When Queen released Bohemian Rhapsody in 1975as a single for their upcoming album A Night at The Opera, critics were critical of the song. They felt it was too self-important and, of all things, “all flash and calculation.” Yes, people thought that Bohemian Rhapsody was formulaic way back when! Well, while most people who have ears probably don’t agree with the critics were saying about the song, I would say those reviews would be particularly applicable for the Bohemian Rhapsody film that was just released a few days ago. But then again, that’s not necessarily a bad thing. It’s just disappointing that a movie that’s about one of the most interesting and colorful people isn’t all that interesting and colorful itself.
Bohemian Rhapsody is generally a biopic about Freddie Mercury and his time with Queen and any fan of the fabled singer and the band probably know the story already. However, for the sake of those who are coming in blind, this will be a SPOILER FREE review.
Well, saying that this is a telling of Freddie Mercury’s entire life and times would be a false statement. Bohemian Rhapsody generally follows Freddie Mercury from just before he joined up with Queen in 1970 until the fabled Live Aid concert in 1985. It shows the band and Freddie Mercury’s humble beginnings playing pubs in London, the rise to stardom, the spiral into hopelessness in the middle and the eventual rising up against adversity. If that sounds familiar, that’s because it is: it’s the general plot of every biopic ever made. Normally, this wouldn’t be a problem. Unfortunately, this is a film about Queen and, more specifically, Freddie Mercury. Fans expected a little more depth to be given to the character. I may not be the biggest Queen fan but Bohemian Rhapsody feels like a Cliff Notes version of Freddie Mercury’s history; if you have some knowledge about the man, you probably won’t learn anything new here. Heck, it even seems like Freddie Mercury’s Wikipedia page has more juicy tales than this movie!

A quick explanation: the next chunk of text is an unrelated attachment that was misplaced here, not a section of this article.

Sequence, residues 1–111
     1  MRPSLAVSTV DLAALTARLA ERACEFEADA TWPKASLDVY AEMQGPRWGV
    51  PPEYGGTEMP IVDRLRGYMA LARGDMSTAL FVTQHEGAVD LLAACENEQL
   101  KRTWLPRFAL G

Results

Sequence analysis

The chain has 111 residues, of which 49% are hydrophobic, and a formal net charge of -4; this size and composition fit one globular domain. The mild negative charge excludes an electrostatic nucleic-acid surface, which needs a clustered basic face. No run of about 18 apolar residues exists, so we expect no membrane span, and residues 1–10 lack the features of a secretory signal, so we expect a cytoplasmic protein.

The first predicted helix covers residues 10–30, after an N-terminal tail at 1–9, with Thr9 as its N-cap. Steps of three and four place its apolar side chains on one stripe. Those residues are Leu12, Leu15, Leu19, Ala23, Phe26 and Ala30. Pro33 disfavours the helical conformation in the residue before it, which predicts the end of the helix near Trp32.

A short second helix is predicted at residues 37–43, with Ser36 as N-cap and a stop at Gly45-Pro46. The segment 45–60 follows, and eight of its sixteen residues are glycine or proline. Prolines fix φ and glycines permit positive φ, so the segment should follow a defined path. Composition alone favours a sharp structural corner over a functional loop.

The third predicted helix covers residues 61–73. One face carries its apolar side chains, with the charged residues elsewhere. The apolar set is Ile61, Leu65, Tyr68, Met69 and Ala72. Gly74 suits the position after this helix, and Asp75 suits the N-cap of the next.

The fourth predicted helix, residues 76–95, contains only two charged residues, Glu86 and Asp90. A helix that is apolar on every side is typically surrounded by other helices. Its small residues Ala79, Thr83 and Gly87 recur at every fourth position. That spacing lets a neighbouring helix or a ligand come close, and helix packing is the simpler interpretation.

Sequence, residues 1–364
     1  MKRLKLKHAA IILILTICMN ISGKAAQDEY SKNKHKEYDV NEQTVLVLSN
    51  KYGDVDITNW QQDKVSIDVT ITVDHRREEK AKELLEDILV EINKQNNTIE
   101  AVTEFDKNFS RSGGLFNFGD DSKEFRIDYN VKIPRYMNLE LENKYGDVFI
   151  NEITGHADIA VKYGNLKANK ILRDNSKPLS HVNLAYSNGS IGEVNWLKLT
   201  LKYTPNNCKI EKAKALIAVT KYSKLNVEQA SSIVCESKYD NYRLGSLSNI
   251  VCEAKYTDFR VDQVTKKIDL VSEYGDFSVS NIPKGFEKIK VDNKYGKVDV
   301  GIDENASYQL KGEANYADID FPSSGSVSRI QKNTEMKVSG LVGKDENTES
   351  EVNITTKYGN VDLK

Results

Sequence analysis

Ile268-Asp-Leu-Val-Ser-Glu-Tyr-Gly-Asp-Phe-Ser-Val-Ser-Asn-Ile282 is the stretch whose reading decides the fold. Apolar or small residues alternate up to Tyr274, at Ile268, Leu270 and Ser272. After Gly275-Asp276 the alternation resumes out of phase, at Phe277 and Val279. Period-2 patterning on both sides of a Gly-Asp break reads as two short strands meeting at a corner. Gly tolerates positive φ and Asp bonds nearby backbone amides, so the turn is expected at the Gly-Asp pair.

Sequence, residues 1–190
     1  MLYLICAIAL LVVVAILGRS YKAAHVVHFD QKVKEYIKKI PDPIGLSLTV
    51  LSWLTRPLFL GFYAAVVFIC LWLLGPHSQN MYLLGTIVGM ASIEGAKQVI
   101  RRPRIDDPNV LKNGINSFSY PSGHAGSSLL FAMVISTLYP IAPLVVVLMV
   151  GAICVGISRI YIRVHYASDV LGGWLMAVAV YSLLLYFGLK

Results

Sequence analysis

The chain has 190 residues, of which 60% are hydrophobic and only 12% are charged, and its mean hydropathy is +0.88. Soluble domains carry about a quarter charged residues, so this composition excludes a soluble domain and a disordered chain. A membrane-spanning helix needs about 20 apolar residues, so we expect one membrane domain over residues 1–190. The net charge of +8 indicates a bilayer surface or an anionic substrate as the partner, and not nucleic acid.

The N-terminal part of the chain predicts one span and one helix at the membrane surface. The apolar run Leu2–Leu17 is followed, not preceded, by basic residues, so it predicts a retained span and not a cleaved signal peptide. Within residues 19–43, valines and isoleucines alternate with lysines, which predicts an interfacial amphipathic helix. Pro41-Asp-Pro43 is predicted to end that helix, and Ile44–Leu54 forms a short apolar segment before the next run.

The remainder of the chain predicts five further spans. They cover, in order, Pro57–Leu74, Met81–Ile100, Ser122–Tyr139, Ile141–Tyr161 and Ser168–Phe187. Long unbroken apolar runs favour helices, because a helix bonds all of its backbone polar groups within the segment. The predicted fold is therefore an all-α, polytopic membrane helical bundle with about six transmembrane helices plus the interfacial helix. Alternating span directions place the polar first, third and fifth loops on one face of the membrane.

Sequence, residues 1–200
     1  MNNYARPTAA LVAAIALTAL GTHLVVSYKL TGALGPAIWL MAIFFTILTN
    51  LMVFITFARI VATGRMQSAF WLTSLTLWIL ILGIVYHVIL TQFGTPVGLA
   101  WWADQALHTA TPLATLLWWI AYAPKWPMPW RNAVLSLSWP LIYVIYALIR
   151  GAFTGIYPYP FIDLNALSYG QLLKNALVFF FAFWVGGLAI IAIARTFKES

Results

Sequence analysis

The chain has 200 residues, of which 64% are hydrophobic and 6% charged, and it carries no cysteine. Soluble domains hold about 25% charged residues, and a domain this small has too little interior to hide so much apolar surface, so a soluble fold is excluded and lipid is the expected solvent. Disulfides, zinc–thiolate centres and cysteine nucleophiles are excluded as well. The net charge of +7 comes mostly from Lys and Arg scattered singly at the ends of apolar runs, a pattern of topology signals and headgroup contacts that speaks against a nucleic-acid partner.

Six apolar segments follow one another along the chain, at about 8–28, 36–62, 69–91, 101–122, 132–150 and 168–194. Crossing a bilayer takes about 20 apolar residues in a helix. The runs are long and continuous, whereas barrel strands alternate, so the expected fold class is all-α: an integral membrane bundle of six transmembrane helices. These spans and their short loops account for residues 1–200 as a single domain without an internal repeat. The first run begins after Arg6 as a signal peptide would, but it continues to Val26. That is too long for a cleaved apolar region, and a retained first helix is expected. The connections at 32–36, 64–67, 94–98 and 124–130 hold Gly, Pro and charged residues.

I do have to comment that, even though this is a biopic, there are a ton of inaccuracies and contradictions to history. Some events were moved back and forward in time and some events are flat-out lies. That’s to be expected with any biopic. However, some of these changes to Freddie Mercury’s life were altered for a more dramatic effect. So, if you think this is a history lesson about the man, you might want to do a little more research than just watch the movie.
This is a film that does focus on Queen’s flamboyant lead singer and, to the film’s credit, Bohemian Rhapsody makes you know that he’s the focus. The problem is, because of this strong focus on Freddie Mercury, the other characters are pushed way into the background. Even the other members of Queen aren’t given all that much time to shine or display any real personality. The other three members, Brian May (lead guitarist), Roger Taylor (drummer) and John Deacon (bassist), are in the film and are given a lot of screentime but they all generally act the same. You can switch their lines around and you wouldn’t notice the difference because the three behave in the same general manner.
This does bleed into the acting performances and, sadly, anyone who isn’t Freddie Mercury isn’t given much to show any range. The biggest surprise for me was how they portrayed Mary Austin, Freddie Mercury’s, for a lack of a better term, better half and soulmate. She comes off incredibly hackneyed and bland. She’s generally your manic pixie dream girl sans the manic as she’s just a vehicle to drive Freddie Mercury’s character. I can’t really Lucy Boynton, the actress that played Mary Austin in the film, giving a rather flat performance as the character wasn’t written incredibly well.